Learn what specific features to look for in a legal document management system.
- Law firms and legal departments need document management solutions that comply with industry regulations and standards.
- Important legal document management system (DMS) features to look for include matter-centric software, email linking, integrations, document tagging, compliance and security.
- Expert-recommended legal document management systems include platforms like Legal Files, Laserfiche, CaseFox, Filevine, LexWorkplace, M-Files and Repstor.
Proper management of your digital documents plays a key role in the efficiency, productivity and legal compliance of your business. Gone are the days when a legal practice could simply file paper documents away in a storage cabinet. With most legal records created on computers, many companies are turning to document management systems (DMS) to store and manage those files.
Although businesses in any industry can benefit from the use of a document management system, law firms and legal departments often need specific features that can only be found in a specialized DMS.
"Legal document management software is a document management system that is specifically designed to cater to the document organization, storage and sharing needs of the legal industry," Jim Garlock, vice president of legal and financial solutions at Chetu, told business.com. "Unlike standard DMS, which can be leveraged by multiple industries, legal document systems provide very specific operational and compliance features that are unique to the legal field."
What is legal document management?
Legal documents need careful management that complies with industry regulations and standards. Although many legal departments need an advanced management system like document control software, some can get away with a document management system designed to handle legal matters.
Dustin Bolander, chief information officer of Clear Guidance Partners, said that document management systems are a necessity for legal firms to handle large numbers of documents; however, the benefits of a legal document management system go beyond filing digital documents. The right DMS can help firms track several legal components.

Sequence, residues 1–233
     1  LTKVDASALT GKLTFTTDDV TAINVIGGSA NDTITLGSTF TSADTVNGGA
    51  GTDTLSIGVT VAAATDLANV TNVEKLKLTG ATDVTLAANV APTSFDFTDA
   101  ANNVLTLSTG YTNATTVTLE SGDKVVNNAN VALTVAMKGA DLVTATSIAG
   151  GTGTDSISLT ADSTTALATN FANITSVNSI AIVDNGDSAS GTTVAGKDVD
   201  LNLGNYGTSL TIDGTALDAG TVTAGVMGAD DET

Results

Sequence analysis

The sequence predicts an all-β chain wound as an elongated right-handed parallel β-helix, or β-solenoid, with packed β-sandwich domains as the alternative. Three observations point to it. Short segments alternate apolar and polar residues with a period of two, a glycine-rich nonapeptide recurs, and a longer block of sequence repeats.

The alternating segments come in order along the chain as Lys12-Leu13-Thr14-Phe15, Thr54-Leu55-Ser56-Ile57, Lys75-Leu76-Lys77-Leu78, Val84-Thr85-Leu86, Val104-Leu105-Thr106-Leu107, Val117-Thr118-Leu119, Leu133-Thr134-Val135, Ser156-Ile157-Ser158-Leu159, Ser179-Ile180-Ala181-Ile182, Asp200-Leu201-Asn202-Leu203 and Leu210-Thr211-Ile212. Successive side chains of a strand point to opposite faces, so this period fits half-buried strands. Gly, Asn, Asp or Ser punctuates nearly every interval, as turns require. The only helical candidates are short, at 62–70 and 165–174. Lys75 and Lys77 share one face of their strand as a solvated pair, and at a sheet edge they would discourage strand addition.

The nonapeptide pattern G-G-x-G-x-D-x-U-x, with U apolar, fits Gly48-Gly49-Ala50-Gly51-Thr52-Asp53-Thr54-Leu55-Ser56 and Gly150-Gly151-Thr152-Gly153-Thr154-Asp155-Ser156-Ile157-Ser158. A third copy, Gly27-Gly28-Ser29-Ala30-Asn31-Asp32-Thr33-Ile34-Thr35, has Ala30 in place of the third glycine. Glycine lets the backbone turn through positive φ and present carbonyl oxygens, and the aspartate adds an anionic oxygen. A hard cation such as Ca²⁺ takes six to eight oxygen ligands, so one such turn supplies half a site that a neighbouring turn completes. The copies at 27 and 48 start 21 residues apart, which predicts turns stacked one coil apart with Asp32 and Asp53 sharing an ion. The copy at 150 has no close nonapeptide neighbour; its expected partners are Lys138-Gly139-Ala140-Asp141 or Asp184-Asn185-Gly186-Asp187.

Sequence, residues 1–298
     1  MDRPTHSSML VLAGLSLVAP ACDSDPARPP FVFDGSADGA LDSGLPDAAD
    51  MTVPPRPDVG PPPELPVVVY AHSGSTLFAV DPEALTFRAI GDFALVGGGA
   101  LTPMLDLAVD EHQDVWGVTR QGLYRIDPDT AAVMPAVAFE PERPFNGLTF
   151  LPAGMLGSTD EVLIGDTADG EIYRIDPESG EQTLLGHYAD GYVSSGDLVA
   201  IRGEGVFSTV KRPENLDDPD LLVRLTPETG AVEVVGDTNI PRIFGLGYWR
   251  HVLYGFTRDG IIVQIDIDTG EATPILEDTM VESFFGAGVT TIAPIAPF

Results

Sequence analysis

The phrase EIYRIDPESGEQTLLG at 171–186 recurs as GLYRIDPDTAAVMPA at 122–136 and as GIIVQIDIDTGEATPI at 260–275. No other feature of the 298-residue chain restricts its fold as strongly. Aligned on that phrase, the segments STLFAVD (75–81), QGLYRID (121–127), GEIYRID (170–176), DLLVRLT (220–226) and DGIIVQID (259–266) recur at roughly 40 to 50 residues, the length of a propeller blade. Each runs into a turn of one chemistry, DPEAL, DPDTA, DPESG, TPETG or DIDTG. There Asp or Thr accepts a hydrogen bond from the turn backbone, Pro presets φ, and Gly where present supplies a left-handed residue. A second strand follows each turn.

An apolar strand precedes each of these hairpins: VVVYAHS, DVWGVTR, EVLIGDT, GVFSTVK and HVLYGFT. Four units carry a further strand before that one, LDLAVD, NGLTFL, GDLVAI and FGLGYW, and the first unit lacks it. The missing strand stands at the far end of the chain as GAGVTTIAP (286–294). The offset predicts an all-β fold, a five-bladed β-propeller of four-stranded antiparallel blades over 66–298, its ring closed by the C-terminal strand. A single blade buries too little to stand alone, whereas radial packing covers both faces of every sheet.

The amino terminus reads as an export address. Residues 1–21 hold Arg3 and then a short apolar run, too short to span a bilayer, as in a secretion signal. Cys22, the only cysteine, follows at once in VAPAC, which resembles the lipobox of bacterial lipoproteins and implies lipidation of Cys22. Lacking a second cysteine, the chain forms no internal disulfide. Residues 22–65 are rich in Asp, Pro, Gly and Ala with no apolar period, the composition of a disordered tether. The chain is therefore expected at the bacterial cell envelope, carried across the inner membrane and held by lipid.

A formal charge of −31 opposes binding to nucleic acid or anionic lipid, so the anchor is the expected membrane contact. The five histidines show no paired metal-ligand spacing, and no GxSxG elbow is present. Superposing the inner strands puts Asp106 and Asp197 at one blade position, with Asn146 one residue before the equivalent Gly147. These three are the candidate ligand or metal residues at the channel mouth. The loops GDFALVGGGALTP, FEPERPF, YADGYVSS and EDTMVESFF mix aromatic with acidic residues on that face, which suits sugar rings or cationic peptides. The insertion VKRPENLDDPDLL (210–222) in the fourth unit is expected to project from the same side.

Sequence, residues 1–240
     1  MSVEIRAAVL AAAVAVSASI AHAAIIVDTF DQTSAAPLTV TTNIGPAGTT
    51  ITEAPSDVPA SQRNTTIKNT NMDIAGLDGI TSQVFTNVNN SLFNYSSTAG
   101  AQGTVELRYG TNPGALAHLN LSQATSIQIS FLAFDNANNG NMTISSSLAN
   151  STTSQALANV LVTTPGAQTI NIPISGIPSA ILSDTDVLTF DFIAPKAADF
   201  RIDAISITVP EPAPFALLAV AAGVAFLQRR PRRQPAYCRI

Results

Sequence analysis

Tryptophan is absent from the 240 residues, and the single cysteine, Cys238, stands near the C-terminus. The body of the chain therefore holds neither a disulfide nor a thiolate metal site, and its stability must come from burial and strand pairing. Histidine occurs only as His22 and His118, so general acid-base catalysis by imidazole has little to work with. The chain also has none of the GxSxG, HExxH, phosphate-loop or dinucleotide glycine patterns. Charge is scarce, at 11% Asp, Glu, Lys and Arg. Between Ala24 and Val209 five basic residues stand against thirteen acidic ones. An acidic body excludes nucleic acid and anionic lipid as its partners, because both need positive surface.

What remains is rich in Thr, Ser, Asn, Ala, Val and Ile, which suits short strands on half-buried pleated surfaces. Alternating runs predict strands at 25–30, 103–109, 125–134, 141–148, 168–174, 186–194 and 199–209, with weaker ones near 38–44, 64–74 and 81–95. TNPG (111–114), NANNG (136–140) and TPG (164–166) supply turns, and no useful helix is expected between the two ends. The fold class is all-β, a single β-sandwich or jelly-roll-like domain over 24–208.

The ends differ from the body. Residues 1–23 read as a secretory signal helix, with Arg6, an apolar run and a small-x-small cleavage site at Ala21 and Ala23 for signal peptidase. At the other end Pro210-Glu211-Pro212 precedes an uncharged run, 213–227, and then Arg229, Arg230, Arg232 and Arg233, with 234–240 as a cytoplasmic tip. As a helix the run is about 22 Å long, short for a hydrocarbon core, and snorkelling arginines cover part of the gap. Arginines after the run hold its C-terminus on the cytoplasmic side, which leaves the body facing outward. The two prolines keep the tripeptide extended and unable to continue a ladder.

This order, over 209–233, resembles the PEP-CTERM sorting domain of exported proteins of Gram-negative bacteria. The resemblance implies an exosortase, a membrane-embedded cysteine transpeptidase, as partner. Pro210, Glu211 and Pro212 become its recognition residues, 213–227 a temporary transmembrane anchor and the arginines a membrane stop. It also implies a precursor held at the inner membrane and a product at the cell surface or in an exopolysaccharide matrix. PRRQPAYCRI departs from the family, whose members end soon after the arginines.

"A good DMS helps you track not just what a document is, but also the associated metadata – e.g., responsible attorney(s), client, matter and more – as well as versions," said Bolander. "A good DMS also does a lot of this automatically and with a minimal number of steps or clicks."
Aside from managing client files and policy documents, some legal document management systems enable attorneys to communicate on shared projects and accurately manage clients' billable hours.
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What features should a legal document management system have?
There are several features that any small business needs in a document management system, such as usability, scalability, security, disaster recovery, collaboration, integration, document scanning and version control. However, legal departments and law firms have specific procedures and document regulations that require advanced features for document management.
Given the nature of their work, legal professionals should look for several additional features in a document management solution. We spoke with legal tech experts to identify the most important document management features that every law practice or legal department should consider.
When looking for a document management system, it is important to find software that relates directly to your company's matter or document workflow. Garlock said these matters usually pertain to the type of law or issues you specialize in, including disputes and litigation, contracts and transactions, claims, legal research, intellectual property, and governance and compliance.
"Legal document software will be designed to handle the necessary files that are related to these fields and maximize the organization, storage, and sharing of the necessary documents," he said.
Many businesses and consumers expect online communication, not snail mail. As a result, many law firms rely on legal emails to interact with their colleagues and clients. A legal document management system should be able to securely integrate with any email platforms you use. Your legal DMS should also be able to properly file and access your emails (by cases, disputes, summons, etc.).
Integration with business platforms
Similar to email linking, your document management system should be able to integrate with all your other business platforms. Integrating platforms saves you time and money, and it reduces the potential for clerical errors. Additionally, businesses in regulated industries (e.g., law, healthcare, finance) need their platforms to integrate to reduce the risk of security or compliance errors.
"Law firms, as well as other legal entities, often use multiple platforms to keep their business running, so it is important to ensure that they can speak to one another and rapidly share information," said Garlock. "To best optimize their own software, companies should turn to custom software developers that specialize in the legal industry. These developers can certify that a company's latest solution works in lockstep with the current software suite to ensure that there are no bugs, hiccups or data silos within an organization."